Steven Spielberg is one of the most prolific filmmakers of all time. He rose to prominence in the New Hollywood movement of the 1970s when he defined the summer blockbuster. Unlike many of his New Hollywood peers, Spielberg remains just as popular and relevant today.
Whether he’s telling the story of a theme park filled with cloned dinosaurs, or a 7-meter-tall great white shark terrorizing a coastal town, or an archaeologist turned explorer in search of the legendary Ark of the Covenant, Spielberg tends to close his films. with large, spectacular set pieces that capture the public’s imagination.
The made-for-TV gem that put Spielberg on the map, duel, is essentially a long-running car chase, so the whole movie feels like a climax. A man commuting through the Mojave Desert on business – aptly named Mann – collides with the largely invisible driver of a tractor-trailer who begins to chase him relentlessly.
This cat-and-mouse chase comes to a head in the grand finale when Mann persuades the truck driver to drive over the edge of a cliff.
9 Indiana Jones And The Temple Of Doom
The most exciting action scene in Indiana Jones and the Temple of Doom is the minecart hunt, but the climax that follows is a close second. Indy, Willie and Short Round flee from the Thuggee cult over a rickety rope bridge that hangs above water full of crocodiles.
Then, just when they think they are safe, Mola Ram and his crooks corner them from both sides. Seeing no other option, Indy cuts the bridge in half and the heroes and villains dangle from the cliff.
8 West Side Story
Not just Spielberg’s remake of West Side Story manage to live up to the classic original; it actually surpassed it in many ways — including portraying the darkest scene in the musical. The highlight of Spielberg’s West Side Story is treated much more subtly and sensitively than the heavy-handed original.
According to the original, Spielberg’s revamp culminates in Tony dying in Maria’s arms. Rachel Zegler’s impeccable delivery makes the emotions of Maria’s final monologue ring true.
7 Bridge of Spies
Spielberg’s spy hairdresser Bridge of Spies culminates in the prisoner exchange. This is a pretty tense showdown, but it’s also an emotional one as Soviet spy Rudolf Abel bids farewell to his US attorney James B. Donovan.
The great thing about this film is that it starts off as a standard Cold War thriller and ends up telling the story of an unlikely friendship, played out with heartfelt sincerity by a perfectly matched Tom Hanks and Mark Rylance.
6 Indiana Jones and the Last Crusade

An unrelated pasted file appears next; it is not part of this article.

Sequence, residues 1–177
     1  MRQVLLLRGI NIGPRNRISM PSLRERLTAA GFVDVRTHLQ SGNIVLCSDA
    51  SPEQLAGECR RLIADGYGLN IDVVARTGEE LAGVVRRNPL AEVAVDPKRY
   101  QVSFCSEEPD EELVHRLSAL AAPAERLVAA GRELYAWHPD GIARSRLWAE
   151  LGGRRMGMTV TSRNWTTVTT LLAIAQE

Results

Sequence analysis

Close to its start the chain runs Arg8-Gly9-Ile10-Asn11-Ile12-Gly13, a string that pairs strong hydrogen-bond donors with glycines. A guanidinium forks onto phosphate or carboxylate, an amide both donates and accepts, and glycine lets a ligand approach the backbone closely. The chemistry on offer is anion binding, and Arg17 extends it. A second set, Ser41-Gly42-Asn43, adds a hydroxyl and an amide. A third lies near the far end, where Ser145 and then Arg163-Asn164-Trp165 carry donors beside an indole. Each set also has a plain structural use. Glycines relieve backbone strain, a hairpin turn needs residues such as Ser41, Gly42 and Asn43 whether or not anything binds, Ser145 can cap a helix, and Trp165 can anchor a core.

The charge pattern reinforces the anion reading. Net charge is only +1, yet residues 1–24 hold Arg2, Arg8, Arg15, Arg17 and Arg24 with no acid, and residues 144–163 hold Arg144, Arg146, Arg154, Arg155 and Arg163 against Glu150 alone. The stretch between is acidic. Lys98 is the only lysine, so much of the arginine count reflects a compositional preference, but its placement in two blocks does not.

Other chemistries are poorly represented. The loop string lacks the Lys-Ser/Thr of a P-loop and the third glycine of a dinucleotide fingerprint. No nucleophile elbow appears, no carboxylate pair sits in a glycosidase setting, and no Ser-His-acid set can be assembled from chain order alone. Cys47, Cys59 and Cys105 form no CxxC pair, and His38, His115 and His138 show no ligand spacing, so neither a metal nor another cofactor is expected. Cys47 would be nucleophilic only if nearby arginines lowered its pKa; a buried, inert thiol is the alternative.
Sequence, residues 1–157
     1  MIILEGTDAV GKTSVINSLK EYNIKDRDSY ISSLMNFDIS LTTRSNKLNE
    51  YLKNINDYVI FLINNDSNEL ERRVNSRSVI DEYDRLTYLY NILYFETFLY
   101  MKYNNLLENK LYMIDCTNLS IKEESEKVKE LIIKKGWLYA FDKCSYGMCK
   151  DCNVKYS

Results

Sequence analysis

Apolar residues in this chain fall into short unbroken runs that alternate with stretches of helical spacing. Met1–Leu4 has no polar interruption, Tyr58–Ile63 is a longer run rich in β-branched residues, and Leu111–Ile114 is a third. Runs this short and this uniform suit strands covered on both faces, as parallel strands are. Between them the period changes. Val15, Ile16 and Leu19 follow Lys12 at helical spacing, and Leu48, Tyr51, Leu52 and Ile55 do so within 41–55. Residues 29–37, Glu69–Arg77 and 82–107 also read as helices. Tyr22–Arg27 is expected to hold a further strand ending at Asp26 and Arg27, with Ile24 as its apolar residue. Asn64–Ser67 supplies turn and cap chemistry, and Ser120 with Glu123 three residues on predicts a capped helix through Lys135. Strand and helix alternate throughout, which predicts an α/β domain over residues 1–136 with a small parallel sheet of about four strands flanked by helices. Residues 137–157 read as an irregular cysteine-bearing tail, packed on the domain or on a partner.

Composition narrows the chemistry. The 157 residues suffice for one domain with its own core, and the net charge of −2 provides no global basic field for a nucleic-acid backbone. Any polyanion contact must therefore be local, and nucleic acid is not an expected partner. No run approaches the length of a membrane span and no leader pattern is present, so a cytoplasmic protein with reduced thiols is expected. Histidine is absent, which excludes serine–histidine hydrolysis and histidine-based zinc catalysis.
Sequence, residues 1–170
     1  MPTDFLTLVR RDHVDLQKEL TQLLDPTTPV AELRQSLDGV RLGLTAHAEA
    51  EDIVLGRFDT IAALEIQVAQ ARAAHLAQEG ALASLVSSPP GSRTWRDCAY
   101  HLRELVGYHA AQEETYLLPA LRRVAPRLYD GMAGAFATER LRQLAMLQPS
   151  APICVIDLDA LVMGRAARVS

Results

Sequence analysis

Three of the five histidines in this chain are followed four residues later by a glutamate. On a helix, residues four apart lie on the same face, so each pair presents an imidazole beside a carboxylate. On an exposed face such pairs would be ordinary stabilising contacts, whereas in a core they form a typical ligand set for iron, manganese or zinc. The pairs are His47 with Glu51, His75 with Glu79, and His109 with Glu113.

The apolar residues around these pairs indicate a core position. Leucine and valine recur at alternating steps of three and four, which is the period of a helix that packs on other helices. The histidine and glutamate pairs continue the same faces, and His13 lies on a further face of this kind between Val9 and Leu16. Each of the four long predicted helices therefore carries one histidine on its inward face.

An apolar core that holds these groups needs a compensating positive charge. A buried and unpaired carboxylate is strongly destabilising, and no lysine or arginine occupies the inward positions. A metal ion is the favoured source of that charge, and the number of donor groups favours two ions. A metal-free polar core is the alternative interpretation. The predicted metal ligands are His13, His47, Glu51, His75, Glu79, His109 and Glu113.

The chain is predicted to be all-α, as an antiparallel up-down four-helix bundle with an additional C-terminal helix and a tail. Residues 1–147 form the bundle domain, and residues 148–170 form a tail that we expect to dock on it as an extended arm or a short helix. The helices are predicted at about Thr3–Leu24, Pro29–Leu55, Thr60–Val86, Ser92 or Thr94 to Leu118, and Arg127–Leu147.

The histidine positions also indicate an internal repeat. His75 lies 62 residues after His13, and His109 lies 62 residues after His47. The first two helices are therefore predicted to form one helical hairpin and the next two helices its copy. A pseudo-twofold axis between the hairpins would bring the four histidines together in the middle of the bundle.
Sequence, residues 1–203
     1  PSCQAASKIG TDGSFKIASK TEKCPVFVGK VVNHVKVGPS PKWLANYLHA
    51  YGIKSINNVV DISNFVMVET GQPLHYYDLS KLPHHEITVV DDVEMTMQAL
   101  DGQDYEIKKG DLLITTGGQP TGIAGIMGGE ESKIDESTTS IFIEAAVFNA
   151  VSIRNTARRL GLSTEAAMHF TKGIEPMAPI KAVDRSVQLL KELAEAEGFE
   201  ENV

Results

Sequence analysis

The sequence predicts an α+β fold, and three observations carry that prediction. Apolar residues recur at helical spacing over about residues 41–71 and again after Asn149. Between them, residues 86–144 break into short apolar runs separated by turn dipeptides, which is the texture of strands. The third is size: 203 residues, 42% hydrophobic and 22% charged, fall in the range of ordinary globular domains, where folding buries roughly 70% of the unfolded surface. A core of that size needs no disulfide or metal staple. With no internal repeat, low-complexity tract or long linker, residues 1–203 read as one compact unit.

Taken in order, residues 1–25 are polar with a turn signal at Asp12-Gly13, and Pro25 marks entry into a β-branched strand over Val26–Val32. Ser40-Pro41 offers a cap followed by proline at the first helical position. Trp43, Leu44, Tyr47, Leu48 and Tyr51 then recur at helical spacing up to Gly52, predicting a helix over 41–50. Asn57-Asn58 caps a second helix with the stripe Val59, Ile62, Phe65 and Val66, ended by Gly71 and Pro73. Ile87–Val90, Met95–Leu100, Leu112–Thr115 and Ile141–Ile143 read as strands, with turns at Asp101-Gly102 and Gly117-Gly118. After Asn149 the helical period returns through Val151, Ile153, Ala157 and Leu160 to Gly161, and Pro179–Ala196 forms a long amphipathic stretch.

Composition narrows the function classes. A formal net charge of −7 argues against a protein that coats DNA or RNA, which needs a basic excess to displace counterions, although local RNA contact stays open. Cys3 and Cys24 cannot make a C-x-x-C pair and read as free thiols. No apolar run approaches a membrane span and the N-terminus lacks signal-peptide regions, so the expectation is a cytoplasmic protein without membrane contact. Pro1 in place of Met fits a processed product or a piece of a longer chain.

The biggest, baddest, boldest set piece in Indiana Jones and the Last Crusade is the tank yacht. The climax that follows isn’t very action-packed, but it’s still iconic and captivating. Indy races through the temple that houses the Holy Grail so he can save his father’s life, and comes face to face with the ghost of the knight guarding him.
As the temple collapses, Indy’s father inspires him to let go of fortune and glory and embrace what really matters: his family and friends. Riding into the sunset would have been the perfect ending to Indiana Jones’ story if Spielberg could have resisted the temptation to make a fourth film.
5 Saving Private Ryan
Nothing in Spielberg’s epic about World War II Saving Private Ryan meets the visceral opening sequence of D-Day. But the intense climax decor comes close. This scene features tanks and fighter planes, but never loses sight of the characters and their relationships.
Captain Miller gets one of Spielberg’s most poignant death scenes when he tells Ryan that he must earn the sacrifices his fellow soldiers made to save him.
4 Jurassic Park
The two most exciting sequences in Jurassic Park are the escape of the T. rex and the attack of the velociraptors in the kitchen. The climactic set brings these two monsters together and reinforces the film’s message: “Life… uh… finds a way.” As the survivors flee from the raptors, the T. rex arrives to take care of them.
After John Hammond played God and put the lives of his grandchildren at risk, nature found a way to organize itself. The roar of the T. rex is brilliantly interrupted by the falling banner “When Dinosaurs Ruled the Earth”.
3 ET The Alien
After the titular alien is captured by the government in ET the ExtraterrestrialElliott and his friends break him out and race their bikes to the mothership so they can send him home. Along the way, ET lets the kids’ bikes fly past a full moon in one of the cinema’s most recognizable images.
The real highlight is ET’s heartbreaking parting with Elliott. This scene is a real tearjerker. Only Spielberg could make the public care so much about a slimy alien.
2 Raiders Of The Lost Ark
In the terrifying climactic sequence of Raiders of the Lost ArkIndy’s first adventure, the Nazis arouse the wrath of God by opening the ark and unleashing the vengeful spirits within.
This scene pushes the boundaries of the PG rating with exploding heads and melting faces. This ending has been criticized because Indy herself has nothing to do with the resolution of the conflict. But it’s still an undeniably spectacular series.
Quint’s speech in Indianapolis serves as the “calm before the storm” in the final act of jaws. Shortly after, the shark returns to take down the killer whale. Quint is eaten alive, Hooper is locked in a cage at the bottom of the ocean, and Chief Brody is on a sinking boat with limited capabilities. He pushes an air tank into the shark’s mouth, climbs to a vantage point and shoots the tank down.
Brody signs off with a cool action hero one-liner: “Smile, you son of ab***h!” In the movie’s glorious cash shot, the shark explodes into a million pieces. Brody doesn’t just overcome the great white who terrorizes Amity Island; he overcomes his fear of the ocean.
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